I love a good mash-up. It's a digital age version of synthesis.
Actually, that's a little misleading - synthesis is a skill required by academics and scholars, whether technology is present or not. But a mash-up takes several ideas, formats or sources and places them together in a new form, to say something new. That's why I like it. It's creative and it's often thought provoking.Amy Burvall
and I did this a while back, when we invited people to write some thoughts on learning around an image. #Blimage
caught on, encouraging hundreds of educators to write blogs, and spawned several other mash-up ideas related to blogging, including #TwistedPair
(where two seemingly unconnected people were brought together to create a metaphor about learning - what about Donald Trump
and Mickey Mouse
I saw the above image on Twitter today, courtesy of Mark Barnes
(originally from this post
by Jackie Gerstein) and it got me thinking. How much more could we say about the uses of technology when we place them up against a pre-digital age theory such as Maslow's Hierarchy of Needs model? I did something similar when I speculated on how Paulo Friere might view blogging
. I followed this up with Lev Vygotsky, Jean Piaget and how learning from YouTube
draws on constructivist theories, and then Wikipedia - a Marxist perspective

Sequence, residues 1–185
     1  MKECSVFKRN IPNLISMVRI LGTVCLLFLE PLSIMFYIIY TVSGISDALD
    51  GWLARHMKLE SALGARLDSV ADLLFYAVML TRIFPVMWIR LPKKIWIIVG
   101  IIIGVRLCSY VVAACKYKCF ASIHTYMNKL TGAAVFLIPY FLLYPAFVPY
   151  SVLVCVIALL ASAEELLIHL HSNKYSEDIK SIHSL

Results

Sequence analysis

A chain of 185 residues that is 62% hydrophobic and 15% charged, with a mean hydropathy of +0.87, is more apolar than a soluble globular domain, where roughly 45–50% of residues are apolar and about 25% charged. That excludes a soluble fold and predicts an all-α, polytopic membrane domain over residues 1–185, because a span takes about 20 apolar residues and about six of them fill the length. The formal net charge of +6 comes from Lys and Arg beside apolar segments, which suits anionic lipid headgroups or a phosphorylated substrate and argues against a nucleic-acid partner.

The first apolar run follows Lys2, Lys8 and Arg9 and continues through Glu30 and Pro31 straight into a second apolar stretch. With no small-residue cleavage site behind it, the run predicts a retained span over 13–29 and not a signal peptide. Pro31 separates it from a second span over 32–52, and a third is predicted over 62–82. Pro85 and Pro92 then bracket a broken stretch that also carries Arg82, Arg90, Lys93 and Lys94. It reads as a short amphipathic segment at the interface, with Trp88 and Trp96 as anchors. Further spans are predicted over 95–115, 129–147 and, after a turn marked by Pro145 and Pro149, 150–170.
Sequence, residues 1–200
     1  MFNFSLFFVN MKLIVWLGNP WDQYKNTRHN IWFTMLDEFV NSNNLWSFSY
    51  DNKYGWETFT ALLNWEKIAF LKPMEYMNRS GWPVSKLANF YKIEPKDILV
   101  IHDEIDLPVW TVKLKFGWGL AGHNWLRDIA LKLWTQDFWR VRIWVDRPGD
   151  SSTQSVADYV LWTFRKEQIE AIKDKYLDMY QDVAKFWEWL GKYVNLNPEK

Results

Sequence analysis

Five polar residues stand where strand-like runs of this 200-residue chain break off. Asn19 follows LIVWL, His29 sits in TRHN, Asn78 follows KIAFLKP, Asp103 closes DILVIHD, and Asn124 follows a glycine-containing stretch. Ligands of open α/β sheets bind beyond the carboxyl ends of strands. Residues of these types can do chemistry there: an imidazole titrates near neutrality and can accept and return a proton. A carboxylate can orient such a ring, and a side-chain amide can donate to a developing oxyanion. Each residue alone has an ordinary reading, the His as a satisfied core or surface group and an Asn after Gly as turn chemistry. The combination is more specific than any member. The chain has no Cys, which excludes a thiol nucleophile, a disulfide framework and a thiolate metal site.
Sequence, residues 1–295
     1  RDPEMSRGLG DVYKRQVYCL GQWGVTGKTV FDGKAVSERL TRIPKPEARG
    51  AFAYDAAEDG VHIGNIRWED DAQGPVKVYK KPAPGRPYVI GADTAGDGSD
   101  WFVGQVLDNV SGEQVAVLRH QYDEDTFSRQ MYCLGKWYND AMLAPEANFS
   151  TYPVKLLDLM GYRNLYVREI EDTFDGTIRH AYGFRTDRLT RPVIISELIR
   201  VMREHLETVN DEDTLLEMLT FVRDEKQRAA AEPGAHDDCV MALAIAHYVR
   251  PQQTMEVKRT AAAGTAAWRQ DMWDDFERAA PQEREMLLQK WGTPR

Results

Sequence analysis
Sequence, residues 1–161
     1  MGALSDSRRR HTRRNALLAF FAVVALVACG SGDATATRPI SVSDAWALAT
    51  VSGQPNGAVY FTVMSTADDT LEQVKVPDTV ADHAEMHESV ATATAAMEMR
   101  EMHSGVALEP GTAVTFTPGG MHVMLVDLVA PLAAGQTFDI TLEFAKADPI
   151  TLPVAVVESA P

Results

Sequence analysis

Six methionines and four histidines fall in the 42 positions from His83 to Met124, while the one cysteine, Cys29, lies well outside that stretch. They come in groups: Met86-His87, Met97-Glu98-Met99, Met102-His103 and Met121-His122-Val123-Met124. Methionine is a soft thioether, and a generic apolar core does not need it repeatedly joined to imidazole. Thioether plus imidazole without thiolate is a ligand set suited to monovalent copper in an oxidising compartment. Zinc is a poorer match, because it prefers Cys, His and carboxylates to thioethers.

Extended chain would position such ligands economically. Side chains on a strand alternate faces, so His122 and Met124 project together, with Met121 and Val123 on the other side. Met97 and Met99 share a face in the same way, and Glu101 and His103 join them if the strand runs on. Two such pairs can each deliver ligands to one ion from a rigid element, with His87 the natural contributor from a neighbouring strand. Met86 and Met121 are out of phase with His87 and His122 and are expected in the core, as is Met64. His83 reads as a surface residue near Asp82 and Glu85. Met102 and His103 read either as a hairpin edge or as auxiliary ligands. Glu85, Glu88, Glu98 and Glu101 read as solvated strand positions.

. You can have a lot of fun with this approach to personalised learning.Maslow's Hierarchy
is a very well know theory, and has featured in numerous slides, journals, books and blogs in the past. It's a simple model and requires little effort to see how it could be applied to explain motivation. Yes, it has problems, conceptually, structurally and academically. Carl Rogers for example, disputed its relevance as a hierarchical progression of activities, when he claimed that he had observed people self actualising instantly. The concept of self-actualisation is in itself problematic, and the means through which Maslow obtained his data have also been cast into doubt.
But putting these objections aside, there is a lot that could be done with this model and its application to an explanation of how we use technology. Does technology offer no support whatsoever
for physiological needs? What about Fitbits and other health related wearable technologies? The model in the graphic also misses out on some important higher level connections - what about digital music making in the aesthetic area? (In fairness, Jackie mentions this in the original post) In the orginal Maslow model, a higher level - transcendence - is included which is almost always missing from published versions - usually because it is poorly understood. What technologies might apply to this level of human experience?
Image courtesy of Jackie Gerstein
Maslow, technology and learning by Steve Wheeler
was written in Plymouth, England and is licensed under a Creative Commons Attribution-NonCommercial-ShareAlike 3.0 Unported License.
Posted by Steve Wheeler from Learning with e's